Market Risk: Why Upside Moves Will Not Be Easy

George Leong takes a look at the current market risk with the stock market and why upside moves will not be easy.October was one of the best months for the stock market in history in spite of the market risk. Everyone was buying and it didn’t matter if it was technology, industrial, or some new never-heard-before-technology. Everything went up, which is why we are now facing some selling pressure.

Up we go, down we go. Traders are currently jittery following the strong October. The month ended on a ghoulish note on Halloween. November looks like it will also begin sour, with a jump in market risk.

European stocks got hammered. The FTSE 100 moved down over three percent, while other key European bourses plummeted as much as five percent. The selling was driven by a major surprise when the Greek Prime Minister said the country’s new bailout plan resulting from the debt crisis would have to pass a national referendum—adding more market risk and unknowns to the European and global situations. The reality is that there are revolts on the streets of Athens, as people are fighting to safeguard their previous benefits and lifestyles. I mean, why would you not fight to protect a cushy job with early retirement?

But, as I have said on numerous times in the past, Greece is not the only country in trouble. The other members of PIGS also add to the market risk. Speculation is swirling that Italy may be vulnerable to default. The country is undergoing their own austerity strategy, but I expect some surprises to pop up and this will prop up the market risk.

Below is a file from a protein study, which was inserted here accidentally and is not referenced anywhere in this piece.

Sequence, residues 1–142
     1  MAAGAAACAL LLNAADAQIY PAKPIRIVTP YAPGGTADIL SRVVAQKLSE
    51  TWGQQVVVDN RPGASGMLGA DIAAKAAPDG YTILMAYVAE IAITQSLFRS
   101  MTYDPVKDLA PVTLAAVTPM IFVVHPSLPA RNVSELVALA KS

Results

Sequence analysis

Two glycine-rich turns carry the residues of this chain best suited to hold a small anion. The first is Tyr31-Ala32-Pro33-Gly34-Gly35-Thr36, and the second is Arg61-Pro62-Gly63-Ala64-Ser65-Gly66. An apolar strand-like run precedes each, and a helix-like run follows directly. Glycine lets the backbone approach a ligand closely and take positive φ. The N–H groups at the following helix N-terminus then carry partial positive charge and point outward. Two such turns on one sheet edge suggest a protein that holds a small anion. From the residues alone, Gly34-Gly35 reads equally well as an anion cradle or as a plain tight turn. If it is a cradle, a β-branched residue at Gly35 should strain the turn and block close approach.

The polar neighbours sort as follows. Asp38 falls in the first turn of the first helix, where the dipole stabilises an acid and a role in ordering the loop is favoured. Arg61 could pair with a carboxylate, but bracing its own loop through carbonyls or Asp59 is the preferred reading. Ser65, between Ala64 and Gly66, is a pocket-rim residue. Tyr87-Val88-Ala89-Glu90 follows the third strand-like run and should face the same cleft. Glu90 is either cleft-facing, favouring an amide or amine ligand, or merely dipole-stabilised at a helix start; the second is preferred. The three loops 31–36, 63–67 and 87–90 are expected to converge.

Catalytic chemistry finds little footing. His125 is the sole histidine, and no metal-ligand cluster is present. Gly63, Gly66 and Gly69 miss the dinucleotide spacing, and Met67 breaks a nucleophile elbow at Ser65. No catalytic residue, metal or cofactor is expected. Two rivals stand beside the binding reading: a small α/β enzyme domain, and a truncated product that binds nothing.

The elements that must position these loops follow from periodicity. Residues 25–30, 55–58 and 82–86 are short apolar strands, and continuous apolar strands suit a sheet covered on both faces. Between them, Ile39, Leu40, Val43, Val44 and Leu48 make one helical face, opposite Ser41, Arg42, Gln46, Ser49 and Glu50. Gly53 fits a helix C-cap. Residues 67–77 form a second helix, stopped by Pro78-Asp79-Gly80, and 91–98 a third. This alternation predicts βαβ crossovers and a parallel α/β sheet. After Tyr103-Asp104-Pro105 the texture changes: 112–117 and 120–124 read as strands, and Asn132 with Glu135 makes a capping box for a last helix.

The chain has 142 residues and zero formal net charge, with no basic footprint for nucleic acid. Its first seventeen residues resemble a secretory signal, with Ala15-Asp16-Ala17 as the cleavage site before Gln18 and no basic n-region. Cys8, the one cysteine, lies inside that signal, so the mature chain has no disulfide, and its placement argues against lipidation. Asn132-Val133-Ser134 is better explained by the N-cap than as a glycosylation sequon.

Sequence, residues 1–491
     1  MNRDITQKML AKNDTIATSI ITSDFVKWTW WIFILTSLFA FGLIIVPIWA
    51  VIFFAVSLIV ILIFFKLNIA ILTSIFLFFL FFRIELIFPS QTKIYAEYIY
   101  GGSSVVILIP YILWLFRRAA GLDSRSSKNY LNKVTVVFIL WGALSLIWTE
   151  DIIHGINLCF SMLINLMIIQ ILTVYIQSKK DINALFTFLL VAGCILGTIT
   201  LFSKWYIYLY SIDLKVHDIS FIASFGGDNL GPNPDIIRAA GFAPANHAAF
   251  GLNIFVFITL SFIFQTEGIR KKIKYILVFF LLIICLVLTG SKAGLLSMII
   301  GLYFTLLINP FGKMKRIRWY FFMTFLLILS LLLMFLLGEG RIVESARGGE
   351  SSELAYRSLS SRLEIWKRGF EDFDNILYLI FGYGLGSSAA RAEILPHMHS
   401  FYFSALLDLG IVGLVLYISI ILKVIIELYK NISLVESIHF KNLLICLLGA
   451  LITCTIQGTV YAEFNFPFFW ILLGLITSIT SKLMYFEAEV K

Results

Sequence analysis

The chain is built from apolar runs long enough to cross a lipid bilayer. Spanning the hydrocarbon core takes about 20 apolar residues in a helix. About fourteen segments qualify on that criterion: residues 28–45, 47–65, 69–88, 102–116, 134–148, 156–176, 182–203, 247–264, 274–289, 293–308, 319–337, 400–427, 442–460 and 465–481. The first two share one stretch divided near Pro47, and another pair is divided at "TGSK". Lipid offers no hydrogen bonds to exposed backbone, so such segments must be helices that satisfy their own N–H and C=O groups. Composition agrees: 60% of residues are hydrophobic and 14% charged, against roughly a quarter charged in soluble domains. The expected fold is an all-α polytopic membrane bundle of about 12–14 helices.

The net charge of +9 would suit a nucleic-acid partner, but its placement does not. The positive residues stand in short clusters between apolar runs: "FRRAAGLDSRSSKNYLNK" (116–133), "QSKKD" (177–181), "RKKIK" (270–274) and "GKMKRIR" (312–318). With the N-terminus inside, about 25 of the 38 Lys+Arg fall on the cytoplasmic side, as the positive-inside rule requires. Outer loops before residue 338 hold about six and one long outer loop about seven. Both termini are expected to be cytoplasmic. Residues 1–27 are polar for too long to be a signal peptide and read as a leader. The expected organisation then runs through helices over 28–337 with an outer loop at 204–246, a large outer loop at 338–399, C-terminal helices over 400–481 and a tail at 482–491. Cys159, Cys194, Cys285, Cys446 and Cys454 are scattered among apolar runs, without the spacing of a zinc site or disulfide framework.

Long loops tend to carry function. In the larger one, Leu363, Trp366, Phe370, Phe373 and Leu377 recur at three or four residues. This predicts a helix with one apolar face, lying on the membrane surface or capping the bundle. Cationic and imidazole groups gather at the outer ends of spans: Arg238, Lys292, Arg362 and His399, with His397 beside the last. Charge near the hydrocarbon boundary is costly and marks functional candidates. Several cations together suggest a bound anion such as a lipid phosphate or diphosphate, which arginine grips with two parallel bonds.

There is also the renewed concern towards the slowing in Asia, as China’s factory activity declined to its lowest level since February 2009. The economic weakness in Europe is negatively impacting exports in China and other Asian countries and adds to market risk.

Going back to the U.S., the key stock indices have each breached their respective 200-day moving average (MA), while the S&P 500 has moved back into the red for the year.

The downside break is worrisome and could point to more weakness to surface on the charts, especially if the non-farm jobs reading this Friday are poor, as many expect them to be.

On the plus side, based on the seasonal trends, market risk may decline, as the months from November to April have resulted in the biggest gains for the DOW and S&P 500 in the past, according to the Stock Trader’s Almanac.

Technology has been better, with stocks advancing in eight months from November to June.

So, while there are the market risk and volatility, if you trade the historical patterns, ride the gains, but make sure you also take some money off the table.

I continue to recommend using put options or buying short-based exchange-traded funds (ETFs) as an offset to the weakness. It’s easy and cost-effective as a hedge.

Just take a look at the various indices that closely reflect your holdings or put options on individual stocks that you have a large position in. Index Puts include the SPY (S&P 500), QQQ (NASDAQ), or IWM (Russell 2000).

Take a look at what I had previously said about the global economy stalling in Stocks Facing Many Hurdles Ahead.

An area that has been under some pressure, but which I really like longer-term, is China’s travel sector; you can read about it in China’s Travel Market: Why It’s an Attractive Chance for Investment.